relationship with our tools? NO.
Mon, 7 Dec 1998 12:15:42 -0800 (PST)
On Mon, 7 Dec 1998, Matt Miller wrote:
> On Mon, 7 Dec 1998, Tril wrote:
> > TUNES is not a being. It isn't any more alive than Linux is. TUNES is a
> > dynamic, evolving software project. That means it only evolves at the
> > whim of its users and coders. We should not desire the computer to take
> > control of its own evolution. It might be a fun experiment, but the
> > purpose of TUNES is to make a useful system. If the system is not
> > completely controllable by the user at all times, how is it useful?
> Its utility for a given task may be decreased, however its total utility
> is increased in that the user is prevented from making changes which cause
> the system to become unstable. The trick is not making the system
> completely controllable, rather to provide the user with as much control
> as he needs for any given task, while not compromising the system.
The system IS to be completely controllable, even at the expense of
allowing users (well, at least the administrator of that system) to
"compromise" the system. There is no reason why a user should not be able
to make their own system insecure, or unstable. In fact, if we don't
allow them to, the system will be useless and someone will make another
one. More likely, they will make a work-around for TUNES' limitation.
It's better for us to include the ability to turn off security, as a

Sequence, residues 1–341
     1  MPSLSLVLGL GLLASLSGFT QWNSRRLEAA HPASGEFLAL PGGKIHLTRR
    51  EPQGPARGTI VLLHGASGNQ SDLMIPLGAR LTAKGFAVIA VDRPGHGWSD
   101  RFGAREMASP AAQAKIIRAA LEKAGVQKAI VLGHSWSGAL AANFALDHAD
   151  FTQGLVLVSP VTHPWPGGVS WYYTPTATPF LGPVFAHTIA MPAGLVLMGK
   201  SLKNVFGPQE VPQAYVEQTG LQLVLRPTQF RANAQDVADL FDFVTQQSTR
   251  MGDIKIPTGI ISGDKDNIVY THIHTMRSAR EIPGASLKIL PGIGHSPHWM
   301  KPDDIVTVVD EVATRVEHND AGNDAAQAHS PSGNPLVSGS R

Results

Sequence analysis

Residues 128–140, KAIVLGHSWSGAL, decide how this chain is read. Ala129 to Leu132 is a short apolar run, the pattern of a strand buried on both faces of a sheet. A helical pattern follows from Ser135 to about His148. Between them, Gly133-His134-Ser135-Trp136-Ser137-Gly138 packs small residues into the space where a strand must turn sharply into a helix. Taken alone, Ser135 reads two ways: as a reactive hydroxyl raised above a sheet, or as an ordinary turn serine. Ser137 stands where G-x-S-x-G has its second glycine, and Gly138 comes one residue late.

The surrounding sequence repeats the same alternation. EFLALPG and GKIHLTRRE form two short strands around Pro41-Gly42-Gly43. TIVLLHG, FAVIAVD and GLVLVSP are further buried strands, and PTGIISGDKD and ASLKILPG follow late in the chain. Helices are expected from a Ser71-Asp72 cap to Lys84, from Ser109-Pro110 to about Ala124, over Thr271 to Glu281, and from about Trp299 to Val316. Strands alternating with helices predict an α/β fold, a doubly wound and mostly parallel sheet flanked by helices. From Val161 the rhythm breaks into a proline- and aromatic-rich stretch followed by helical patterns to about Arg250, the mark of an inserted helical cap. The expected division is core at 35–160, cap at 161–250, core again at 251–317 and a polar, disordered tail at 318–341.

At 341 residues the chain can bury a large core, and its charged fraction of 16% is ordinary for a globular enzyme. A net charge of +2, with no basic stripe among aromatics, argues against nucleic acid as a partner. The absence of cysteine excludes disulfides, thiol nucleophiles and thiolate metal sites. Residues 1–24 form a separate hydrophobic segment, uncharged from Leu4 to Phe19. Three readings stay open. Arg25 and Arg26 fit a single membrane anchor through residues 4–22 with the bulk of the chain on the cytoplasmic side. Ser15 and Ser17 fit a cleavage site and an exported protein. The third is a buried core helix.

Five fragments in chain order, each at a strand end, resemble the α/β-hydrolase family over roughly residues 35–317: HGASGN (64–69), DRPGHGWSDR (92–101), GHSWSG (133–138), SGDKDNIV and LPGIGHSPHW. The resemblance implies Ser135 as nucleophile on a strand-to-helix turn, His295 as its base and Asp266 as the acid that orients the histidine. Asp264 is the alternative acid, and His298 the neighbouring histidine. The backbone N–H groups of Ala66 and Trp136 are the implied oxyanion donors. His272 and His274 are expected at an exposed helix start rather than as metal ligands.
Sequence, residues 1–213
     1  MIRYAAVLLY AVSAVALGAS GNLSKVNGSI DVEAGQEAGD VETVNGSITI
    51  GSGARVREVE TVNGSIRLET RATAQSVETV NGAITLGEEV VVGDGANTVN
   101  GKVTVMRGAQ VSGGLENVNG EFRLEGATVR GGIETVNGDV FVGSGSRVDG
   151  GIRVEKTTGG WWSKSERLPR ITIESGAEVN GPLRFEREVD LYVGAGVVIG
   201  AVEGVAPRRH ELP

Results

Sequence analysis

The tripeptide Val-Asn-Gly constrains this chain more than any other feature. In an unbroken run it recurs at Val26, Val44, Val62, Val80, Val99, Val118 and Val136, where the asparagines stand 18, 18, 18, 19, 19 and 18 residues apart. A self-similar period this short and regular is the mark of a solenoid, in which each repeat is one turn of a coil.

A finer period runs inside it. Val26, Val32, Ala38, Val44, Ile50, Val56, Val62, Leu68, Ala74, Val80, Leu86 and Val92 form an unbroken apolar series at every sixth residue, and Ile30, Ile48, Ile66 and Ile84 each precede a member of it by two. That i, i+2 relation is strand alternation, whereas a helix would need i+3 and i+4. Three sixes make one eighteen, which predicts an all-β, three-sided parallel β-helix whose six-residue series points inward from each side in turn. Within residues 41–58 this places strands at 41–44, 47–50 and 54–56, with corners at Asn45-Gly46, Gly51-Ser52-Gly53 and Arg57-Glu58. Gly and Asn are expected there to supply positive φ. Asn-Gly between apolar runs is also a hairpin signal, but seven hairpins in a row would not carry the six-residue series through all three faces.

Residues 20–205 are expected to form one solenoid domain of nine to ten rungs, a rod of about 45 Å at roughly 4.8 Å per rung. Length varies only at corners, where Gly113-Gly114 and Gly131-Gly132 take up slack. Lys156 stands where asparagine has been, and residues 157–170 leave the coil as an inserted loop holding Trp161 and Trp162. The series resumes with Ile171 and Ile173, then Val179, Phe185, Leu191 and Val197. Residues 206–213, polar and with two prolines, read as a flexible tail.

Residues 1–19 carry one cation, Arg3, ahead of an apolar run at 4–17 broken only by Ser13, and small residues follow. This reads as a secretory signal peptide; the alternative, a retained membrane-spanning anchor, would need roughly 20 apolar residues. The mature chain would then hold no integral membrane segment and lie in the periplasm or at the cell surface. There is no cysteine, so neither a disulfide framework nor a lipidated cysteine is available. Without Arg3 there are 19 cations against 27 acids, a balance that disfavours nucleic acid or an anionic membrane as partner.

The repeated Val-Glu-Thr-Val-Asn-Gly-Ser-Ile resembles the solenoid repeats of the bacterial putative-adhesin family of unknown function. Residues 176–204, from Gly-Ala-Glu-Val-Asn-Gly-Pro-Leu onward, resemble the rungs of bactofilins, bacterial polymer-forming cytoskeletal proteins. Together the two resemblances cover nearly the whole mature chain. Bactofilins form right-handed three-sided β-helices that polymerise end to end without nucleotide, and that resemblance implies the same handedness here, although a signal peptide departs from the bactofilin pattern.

*feature*, so at least it's done right.
> > HAL was a murderer.
> Do you honestly believe that the above follows from the below?
> > Because the designers tried to make it/him autonomous.
Let me rephrase. HAL malfunctioned, that is, performed some action that
was not intended by the designers. The reason HAL malfunctioned is that
he came into contact with data that the designers did not anticipate.
Current software systems seem to be based around the idea that the
designer is God, and knows everything. Of course this is not true and
that's why software breaks all the time.
To work on fixing this situation...
First, designers should not believe they know everything, and they should
not build software that is inherently suited for only one specific task.
That is, people should design software with the intent that the software
will be used for other things than it was intended for. This includes the
possibility that some user will find it useful to modify the software for
a novel use. Why should an author "intend" anything for the program. As
a work of art, a program is appreciable as an entity by itself, apart from
any possible use it may have. The best programs have the most uses.
Second, language designers, operating system designers, etc. should
redesign these systems to support a model of software evolving. New
systems should be invented (like TUNES) which make it easy for programs to
be extended, replaced, or reoptimized for different uses.
My point about AI is that the software program itself won't be able to
anticipate all future situations, and therefore shouldn't be placed in
control of itself, just like one author shouldn't be placed in total
control of the uses of his or her program. Humans are able to come up
with new ideas, but robots are not (randomness does not count as new
ideas, since new ideas have some measure of usefulness and applicability
to the situation, where did I read about this? Fare?). Therefore humans
will always be needed. A robot without help from humans will always be
less capable than one with the help of humans. More error-prone, too.
David Manifold <email@example.com>
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